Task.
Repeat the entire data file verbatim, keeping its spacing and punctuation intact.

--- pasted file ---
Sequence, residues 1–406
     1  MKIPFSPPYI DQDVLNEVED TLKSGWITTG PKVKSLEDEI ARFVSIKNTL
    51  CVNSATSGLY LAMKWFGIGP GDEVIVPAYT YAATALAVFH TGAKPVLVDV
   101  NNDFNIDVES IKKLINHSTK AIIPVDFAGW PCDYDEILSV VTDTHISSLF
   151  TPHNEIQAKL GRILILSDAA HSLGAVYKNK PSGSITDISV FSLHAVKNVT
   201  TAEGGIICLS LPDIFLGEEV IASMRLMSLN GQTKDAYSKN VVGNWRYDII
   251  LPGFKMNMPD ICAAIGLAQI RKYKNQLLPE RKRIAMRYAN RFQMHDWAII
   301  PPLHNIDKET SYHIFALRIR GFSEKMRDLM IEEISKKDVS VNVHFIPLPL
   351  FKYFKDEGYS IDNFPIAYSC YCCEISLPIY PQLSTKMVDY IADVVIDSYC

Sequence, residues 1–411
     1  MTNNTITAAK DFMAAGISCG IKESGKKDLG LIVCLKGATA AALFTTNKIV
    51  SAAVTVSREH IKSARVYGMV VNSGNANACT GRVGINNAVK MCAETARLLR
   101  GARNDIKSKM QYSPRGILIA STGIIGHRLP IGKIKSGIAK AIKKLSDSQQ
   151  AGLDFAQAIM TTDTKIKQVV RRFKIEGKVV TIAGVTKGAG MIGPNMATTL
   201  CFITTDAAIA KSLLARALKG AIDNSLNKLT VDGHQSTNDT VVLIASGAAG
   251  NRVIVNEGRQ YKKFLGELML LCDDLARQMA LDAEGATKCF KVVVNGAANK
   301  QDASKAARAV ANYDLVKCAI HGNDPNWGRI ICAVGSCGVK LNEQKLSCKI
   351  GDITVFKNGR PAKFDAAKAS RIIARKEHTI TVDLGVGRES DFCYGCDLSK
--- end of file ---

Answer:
Sequence, residues 1–406
     1  MKIPFSPPYI DQDVLNEVED TLKSGWITTG PKVKSLEDEI ARFVSIKNTL
    51  CVNSATSGLY LAMKWFGIGP GDEVIVPAYT YAATALAVFH TGAKPVLVDV
   101  NNDFNIDVES IKKLINHSTK AIIPVDFAGW PCDYDEILSV VTDTHISSLF
   151  TPHNEIQAKL GRILILSDAA HSLGAVYKNK PSGSITDISV FSLHAVKNVT
   201  TAEGGIICLS LPDIFLGEEV IASMRLMSLN GQTKDAYSKN VVGNWRYDII
   251  LPGFKMNMPD ICAAIGLAQI RKYKNQLLPE RKRIAMRYAN RFQMHDWAII
   301  PPLHNIDKET SYHIFALRIR GFSEKMRDLM IEEISKKDVS VNVHFIPLPL
   351  FKYFKDEGYS IDNFPIAYSC YCCEISLPIY PQLSTKMVDY IADVVIDSYC

Sequence, residues 1–411
     1  MTNNTITAAK DFMAAGISCG IKESGKKDLG LIVCLKGATA AALFTTNKIV
    51  SAAVTVSREH IKSARVYGMV VNSGNANACT GRVGINNAVK MCAETARLLR
   101  GARNDIKSKM QYSPRGILIA STGIIGHRLP IGKIKSGIAK AIKKLSDSQQ
   151  AGLDFAQAIM TTDTKIKQVV RRFKIEGKVV TIAGVTKGAG MIGPNMATTL
   201  CFITTDAAIA KSLLARALKG AIDNSLNKLT VDGHQSTNDT VVLIASGAAG
   251  NRVIVNEGRQ YKKFLGELML LCDDLARQMA LDAEGATKCF KVVVNGAANK
   301  QDASKAARAV ANYDLVKCAI HGNDPNWGRI ICAVGSCGVK LNEQKLSCKI
   351  GDITVFKNGR PAKFDAAKAS RIIARKEHTI TVDLGVGRES DFCYGCDLSK